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Monday, November 02, 2015

'Are Wages Useful in Forecasting Price Inflation?'

Rhys Bidder of the SF Fed (I should probably note that these are his views, not the Fed's, though I hope the Fed is paying attention):

Are Wages Useful in Forecasting Price Inflation?, FRBSF Economic Letter: Wages and prices are closely related. Wages are an important part of businesses’ costs and are thus tied to their pricing decisions. Similarly, people take the general level of prices into account when figuring out how much pay they deserve for their work. It is intuitive, therefore, that wage data could contain important information about prices and, in particular, might be useful for forecasting price inflation. Indeed, the recent declines in some wage indicators following hints of strengthening earlier in the year have raised questions about what this might mean for future inflation.
In this Letter I summarize what research can tell us about whether or not wage data are, in fact, informative for future price inflation. Overall, the literature suggests that wages do not provide significant additional information beyond what can already be gleaned from other sources, including prices themselves. ...
In classical economic theory, the labor market clears at a nominal wage that makes labor supply equal to labor demand. Both supply and demand depend on the face value of wages relative to the overall price level—typically called the “real wage” because it shows how much can be bought with the wage at current prices. The real wage determines the benefit to the worker of working and the real cost to the business of employing that worker.
In the long run, the real wage is determined by factors such as productivity, bargaining power, and the ability of firms to mark up prices over costs. Consequently, prices and nominal wages must adjust relative to each other to be consistent with these fundamentals. ...
However, while the connection between wages and prices is relatively well understood in the long run, their short- to medium-run relationship is not so simple. Wages and prices may fluctuate relative to each other in response to transitory influences and to restore their long-run relationship. The bargaining power of firms and workers may vary and productivity may change temporarily. Even if there are no long-run trends in these variables, there may be changes in their steady-state relationships that lead to transient but long-lasting adjustments. These phenomena introduce complicated dynamics into the relationship between wages and prices that determine how useful wage data are for forecasting inflation. ...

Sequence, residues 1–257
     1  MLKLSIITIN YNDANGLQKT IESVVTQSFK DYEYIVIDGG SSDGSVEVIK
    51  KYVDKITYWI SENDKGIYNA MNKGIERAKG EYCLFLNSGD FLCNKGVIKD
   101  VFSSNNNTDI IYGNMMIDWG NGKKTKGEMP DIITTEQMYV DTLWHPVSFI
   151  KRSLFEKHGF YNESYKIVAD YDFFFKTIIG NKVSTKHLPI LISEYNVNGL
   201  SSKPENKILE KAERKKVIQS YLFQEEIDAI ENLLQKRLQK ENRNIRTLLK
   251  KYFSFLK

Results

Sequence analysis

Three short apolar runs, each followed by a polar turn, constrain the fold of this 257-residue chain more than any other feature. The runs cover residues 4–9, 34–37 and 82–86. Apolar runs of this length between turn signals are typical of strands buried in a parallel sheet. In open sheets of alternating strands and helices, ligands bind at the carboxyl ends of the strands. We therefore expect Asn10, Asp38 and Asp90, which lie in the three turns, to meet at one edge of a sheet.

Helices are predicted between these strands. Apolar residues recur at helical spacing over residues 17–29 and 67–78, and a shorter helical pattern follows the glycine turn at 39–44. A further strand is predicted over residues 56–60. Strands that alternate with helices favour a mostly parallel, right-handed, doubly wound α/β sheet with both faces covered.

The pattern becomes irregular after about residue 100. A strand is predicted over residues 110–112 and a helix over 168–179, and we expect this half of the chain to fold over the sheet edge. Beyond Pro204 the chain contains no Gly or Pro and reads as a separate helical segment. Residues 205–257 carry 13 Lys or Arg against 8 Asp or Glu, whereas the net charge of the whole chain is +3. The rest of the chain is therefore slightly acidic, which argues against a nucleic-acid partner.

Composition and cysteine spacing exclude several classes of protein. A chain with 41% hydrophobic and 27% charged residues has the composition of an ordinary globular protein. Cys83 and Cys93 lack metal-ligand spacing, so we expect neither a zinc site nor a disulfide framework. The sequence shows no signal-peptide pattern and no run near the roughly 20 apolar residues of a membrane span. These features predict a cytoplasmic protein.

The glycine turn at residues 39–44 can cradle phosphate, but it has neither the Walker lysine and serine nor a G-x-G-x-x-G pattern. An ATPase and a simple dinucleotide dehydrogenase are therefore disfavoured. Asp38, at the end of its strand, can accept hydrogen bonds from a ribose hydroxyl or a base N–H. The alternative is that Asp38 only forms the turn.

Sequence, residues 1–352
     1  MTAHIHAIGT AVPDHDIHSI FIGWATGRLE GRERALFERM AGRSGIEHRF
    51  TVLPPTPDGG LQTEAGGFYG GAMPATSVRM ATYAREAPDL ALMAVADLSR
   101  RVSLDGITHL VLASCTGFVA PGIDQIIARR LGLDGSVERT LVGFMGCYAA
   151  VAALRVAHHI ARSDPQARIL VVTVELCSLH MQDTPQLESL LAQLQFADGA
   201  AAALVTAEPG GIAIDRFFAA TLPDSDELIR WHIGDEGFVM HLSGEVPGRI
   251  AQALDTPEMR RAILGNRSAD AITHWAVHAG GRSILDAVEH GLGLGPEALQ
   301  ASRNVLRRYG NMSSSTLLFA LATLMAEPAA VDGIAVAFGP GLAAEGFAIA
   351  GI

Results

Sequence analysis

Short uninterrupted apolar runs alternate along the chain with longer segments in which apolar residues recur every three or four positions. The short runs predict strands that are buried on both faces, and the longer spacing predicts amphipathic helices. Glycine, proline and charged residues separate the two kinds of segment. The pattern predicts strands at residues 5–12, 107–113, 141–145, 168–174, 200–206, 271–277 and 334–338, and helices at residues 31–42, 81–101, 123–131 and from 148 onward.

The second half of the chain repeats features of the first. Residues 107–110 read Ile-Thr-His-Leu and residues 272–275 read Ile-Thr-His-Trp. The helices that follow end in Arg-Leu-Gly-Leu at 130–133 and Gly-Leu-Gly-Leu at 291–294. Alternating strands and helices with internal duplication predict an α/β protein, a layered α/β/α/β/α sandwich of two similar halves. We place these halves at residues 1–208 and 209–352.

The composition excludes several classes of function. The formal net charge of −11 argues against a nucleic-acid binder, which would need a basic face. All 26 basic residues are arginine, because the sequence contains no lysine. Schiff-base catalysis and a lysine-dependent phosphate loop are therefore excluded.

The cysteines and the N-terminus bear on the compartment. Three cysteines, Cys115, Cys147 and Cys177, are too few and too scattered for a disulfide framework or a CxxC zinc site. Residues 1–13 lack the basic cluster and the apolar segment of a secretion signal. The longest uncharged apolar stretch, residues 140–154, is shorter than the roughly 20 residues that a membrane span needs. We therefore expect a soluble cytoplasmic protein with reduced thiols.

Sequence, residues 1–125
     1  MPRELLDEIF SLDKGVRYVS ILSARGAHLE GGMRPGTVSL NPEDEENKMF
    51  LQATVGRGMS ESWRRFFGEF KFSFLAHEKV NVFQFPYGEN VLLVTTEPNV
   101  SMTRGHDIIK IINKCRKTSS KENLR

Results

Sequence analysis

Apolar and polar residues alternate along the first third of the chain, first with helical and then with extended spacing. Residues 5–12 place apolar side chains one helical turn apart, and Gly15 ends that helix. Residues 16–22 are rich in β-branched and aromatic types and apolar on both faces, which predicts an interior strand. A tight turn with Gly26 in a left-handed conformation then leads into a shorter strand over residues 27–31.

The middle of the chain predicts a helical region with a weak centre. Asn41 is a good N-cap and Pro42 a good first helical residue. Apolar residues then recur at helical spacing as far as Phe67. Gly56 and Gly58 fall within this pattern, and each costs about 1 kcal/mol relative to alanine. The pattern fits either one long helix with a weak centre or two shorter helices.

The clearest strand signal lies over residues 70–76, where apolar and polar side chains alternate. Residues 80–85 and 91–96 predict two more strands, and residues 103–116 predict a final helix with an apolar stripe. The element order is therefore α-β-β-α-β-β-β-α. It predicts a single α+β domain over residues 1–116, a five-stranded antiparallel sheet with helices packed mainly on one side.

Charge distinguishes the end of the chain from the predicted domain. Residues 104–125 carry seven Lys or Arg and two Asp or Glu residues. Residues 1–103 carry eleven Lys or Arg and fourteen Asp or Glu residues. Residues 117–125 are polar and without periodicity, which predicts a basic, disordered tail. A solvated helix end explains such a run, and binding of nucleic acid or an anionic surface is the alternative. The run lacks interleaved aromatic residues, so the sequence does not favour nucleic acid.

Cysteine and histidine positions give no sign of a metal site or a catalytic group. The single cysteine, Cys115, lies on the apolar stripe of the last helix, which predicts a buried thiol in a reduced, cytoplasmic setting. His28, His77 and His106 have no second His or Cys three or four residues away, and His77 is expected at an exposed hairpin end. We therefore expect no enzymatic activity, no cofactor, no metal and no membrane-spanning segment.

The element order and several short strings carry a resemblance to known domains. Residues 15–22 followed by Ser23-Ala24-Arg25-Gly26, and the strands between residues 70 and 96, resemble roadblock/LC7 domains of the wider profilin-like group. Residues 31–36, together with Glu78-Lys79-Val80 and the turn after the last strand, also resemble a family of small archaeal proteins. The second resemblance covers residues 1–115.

These results do not imply that wages and prices are unrelated. Certainly they are tied together in the long run, and wage data will surely contain some information for future price inflation. However, after incorporating information from prices and activity measures, the marginal additional benefit of using wage data appears small. ...
Fundamentally, the weak forecasting power of wages for prices suggests that unexpectedly high or low inflation could occur regardless of the recent behavior of wages. Thus, as ever, policymakers must be vigilant to ensure policy is consistent with the targeted inflation rate. ...
Researchers have extensively studied how wage data might help predict future price inflation. The overall conclusion of the literature is that wages generally provide less valuable insight into future prices than some other indicators. In fact, models that do not incorporate wages often result in superior inflation forecasts.

    Posted by on Monday, November 2, 2015 at 10:27 AM in Economics, Inflation, MoneyWatch | Permalink  Comments (10)


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